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Gates Foundation, heralded for long parental leave, cuts program by half

caption: April 20, 2017 - WASHINGTON DC - Generation Now: How Investing in Adolescents Today Can Change the World of Tomorrow
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April 20, 2017 - WASHINGTON DC - Generation Now: How Investing in Adolescents Today Can Change the World of Tomorrow

The Bill and Melinda Gates Foundation says it will reduce its paid parental leave program by half -- to help the nonprofit run more smoothly.

On LinkedIn, Steven Rice, the head of human resources at the foundation, wrote that the paid leave program was more disruptive than expected when the policy was announced three years ago. The Gates Foundation had offered a year of paid leave; this move would reduce it to six months.

"On one team, 50 percent of the staff was either on leave or staffed by those in backfill positions, making the regular work of the foundation far more difficult than expected,” Rice wrote.

The foundation made headlines in 2015 when it announced it would offer parents a year off to care for their newborn babies. The foundation was on the cutting edge here in the U.S., which is the only industrialized country that does not require paid parental leave.

The Gates plan was also cutting edge because it offered the benefit to both moms and dads, with the goal of greater gender equity in the workplace and in families. Woman and men were encouraged to take the time to care for their kids.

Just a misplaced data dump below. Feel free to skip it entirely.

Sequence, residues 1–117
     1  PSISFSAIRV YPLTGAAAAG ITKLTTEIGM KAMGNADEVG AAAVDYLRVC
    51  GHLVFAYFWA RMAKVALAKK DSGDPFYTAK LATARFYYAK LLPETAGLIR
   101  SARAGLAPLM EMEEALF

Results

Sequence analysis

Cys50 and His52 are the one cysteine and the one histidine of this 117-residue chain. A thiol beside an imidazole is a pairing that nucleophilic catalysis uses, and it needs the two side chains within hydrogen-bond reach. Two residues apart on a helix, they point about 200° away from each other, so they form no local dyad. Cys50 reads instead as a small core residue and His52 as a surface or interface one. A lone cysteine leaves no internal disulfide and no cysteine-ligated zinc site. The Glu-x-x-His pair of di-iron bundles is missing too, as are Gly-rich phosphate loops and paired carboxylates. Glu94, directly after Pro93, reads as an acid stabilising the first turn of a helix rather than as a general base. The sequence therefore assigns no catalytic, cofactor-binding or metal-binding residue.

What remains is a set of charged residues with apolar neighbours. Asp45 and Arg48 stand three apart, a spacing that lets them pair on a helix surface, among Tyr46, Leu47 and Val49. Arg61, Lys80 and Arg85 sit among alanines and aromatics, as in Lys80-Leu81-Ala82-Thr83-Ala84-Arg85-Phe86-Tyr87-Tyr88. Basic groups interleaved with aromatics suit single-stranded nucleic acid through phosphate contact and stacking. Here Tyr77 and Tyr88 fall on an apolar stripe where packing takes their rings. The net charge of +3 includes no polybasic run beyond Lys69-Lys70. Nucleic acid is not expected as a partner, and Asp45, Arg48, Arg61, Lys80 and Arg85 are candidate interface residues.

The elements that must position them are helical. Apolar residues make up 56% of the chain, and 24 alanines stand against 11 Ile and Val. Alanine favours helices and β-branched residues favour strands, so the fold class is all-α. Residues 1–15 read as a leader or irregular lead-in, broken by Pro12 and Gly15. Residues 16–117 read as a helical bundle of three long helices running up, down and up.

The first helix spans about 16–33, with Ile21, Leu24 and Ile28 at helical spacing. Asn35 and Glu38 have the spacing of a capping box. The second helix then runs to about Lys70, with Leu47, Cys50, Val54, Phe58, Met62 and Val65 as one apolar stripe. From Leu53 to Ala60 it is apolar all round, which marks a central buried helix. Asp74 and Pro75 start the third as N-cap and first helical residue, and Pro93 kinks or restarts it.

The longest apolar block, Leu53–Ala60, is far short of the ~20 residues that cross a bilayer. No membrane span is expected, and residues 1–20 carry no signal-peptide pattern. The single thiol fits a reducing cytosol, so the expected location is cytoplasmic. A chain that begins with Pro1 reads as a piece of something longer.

Women were more likely to take the full year than men; 77 percent versus 41 percent of men.

Parents now may take six months of paid leave, plus a $20,000 stipend to defray childcare costs, which is about $2,500 a month in Seattle for babies under 1.

These benefits are still far more generous than what most Americans receive. Just 13 percent of people working for private employers in the U.S. were eligible for paid parental leave in 2017.

Federal law allows 12 weeks of unpaid time off for parents — both moms and dads — who have worked for an organization for at least one year. Parents may use sick time and vacation time to soften the financial blow of going workout a paycheck.

Many women return to work sooner than 12 weeks however, because they cannot afford to take three months off.

This could change in Washington state, where a new family leave law goes into effect next year. Parents will receive 12 paid weeks to care for their infants. These 12 weeks may be used within the first year of their child’s birth.

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